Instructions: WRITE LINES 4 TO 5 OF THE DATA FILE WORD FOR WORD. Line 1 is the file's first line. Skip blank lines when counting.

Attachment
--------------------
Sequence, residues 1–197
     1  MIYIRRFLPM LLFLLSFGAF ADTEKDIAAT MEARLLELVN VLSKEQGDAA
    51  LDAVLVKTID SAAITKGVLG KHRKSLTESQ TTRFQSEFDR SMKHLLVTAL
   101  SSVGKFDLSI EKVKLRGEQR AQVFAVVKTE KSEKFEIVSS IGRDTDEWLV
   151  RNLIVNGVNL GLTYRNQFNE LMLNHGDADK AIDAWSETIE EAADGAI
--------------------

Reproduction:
   101  SSVGKFDLSI EKVKLRGEQR AQVFAVVKTE KSEKFEIVSS IGRDTDEWLV
   151  RNLIVNGVNL GLTYRNQFNE LMLNHGDADK AIDAWSETIE EAADGAI